By: Jamie Birdwell-Branson
Before you know it, sevens semesters have passed by right before your very eyes, and now you, a graduating college senior, are getting ready to head out into the big, scary world. So as you check things off your course calendar and make sure you have all the credits to graduate, you might be wondering if there is a real world checklist out there for you. As the training wheels of college come off, you’ll realize that unlike in school where you had a specific list of things to accomplish, it’s not as simple as that in your career. However, there are some guidelines and tips college seniors can be mindful of in this exciting time of their lives.
1. Know what you want.
Do you even know what you really want to do? By this point you have completed most of the required coursework for your major, but do you really know what it is that you want to do with your life and your career? Knowing what you want is probably one of the most difficult steps on the road to being an adult. Once you know exactly what kind of field and what specific kind of work you want to do, it will make the job hunting even easier. On the other hand, wanting a very specific job title at a very specific company can get you into trouble when it comes time to look for a job. Be open minded when it comes to jobs, but also have a good focus so that you don’t feel aimless in your search.
2. Go after it with veracity.
Know what you want to do? Perfect. Now is the time to fiercely go after it. Everyone knows it’s a tough economy. You can be tougher. You might have to write 100 cover letters or update your resume 50 times, but by god, you’re going to get a job. It might not be your dream job and it might not be where you thought you would end up, but the goal is to get one. If you aren’t having any bites, then go to your school’s career advisor. If you lack experience in your field, it might be a good idea to secure a post-grad internship. The market is tough, but with enough determination and experience you can get what you want.
3. Dress to impress.
If you manage to get an interview definitely take the time to plan a clean, suitable outfit. Unfortunately, whether we like it or not we are judged (especially as women) by what we wear. Save the short skirts and dresses for your nights out. Look professional and be mindful of what kind of company you are pursuing. If it’s Fortune 500, wear a suit. If it’s a start up or a small, local business, use your best judgment depending on the company.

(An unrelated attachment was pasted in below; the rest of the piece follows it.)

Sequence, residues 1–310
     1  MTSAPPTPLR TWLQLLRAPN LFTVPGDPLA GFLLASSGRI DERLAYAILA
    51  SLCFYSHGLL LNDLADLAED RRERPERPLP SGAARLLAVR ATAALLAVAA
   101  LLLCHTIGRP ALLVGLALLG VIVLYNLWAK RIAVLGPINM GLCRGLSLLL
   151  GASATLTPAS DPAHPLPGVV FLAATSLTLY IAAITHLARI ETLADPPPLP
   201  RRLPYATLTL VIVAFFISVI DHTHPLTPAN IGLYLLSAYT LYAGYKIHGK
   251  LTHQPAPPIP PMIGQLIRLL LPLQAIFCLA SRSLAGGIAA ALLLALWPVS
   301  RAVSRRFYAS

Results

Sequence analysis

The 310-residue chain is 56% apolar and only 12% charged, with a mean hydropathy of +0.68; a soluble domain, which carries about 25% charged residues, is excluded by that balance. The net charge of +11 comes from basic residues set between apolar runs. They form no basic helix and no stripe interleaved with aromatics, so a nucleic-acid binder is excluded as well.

4. Look up details about your industry/ company.
While you can’t learn absolutely everything about your company before you work there, try to research as much as possible about a company you are interviewing with or want to pursue. Employers want to see that you care to work for them, not just that you want to work in general. A helpful hint to job seekers is to look very carefully at job applications to find descriptions of the company and of the specific job that you want for clues on what the employer is looking for.
5. Be courteous and professional in your emails.
While your future boss might be totally fine with you using emojis or LOLs in your work emails, that’s something that you should feel out AFTER you get the job. When emailing with a prospective employer (or really just any professional adult), you should address them properly and sign your emails at the end. Use complete sentences and show that you can communicate clearly.
6. Ask questions.
When anyone asks you (whether in a job interview, at an internship, or at a career fair) if you have any questions, always ask one. If you don’t ask a question, you risk looking like you are disinterested in what they are telling you. Be curious, especially after you get a job or internship. The more questions you ask the more engaged you look on the job.
7. Get a mentor.
You know that cool older sister of one of your college friends that just so happens to be currently working in your field? Ask your friend to arrange a meeting with the two of you for coffee and a chat about the field. Join an alumni association in your city or join an organization that can get you connected with people who have experience in a job that you want. Having a mentor is one of the best things a graduating college senior can have, particularly one that is just a few years older because they can relate with you on many levels.
Image courtesy of David Castillo Dominici/freedigitalphotos.net
ABOUT THE AUTHOR
Jamie Birdwell-Branson is a copy editor and freelance writer who lives in Ft. Worth, Texas with her cat and her husband. She is interested in writing about anything and everything, but she mostly enjoys to write about women’s issues and politics. She is an avid reader and a collector of magazines.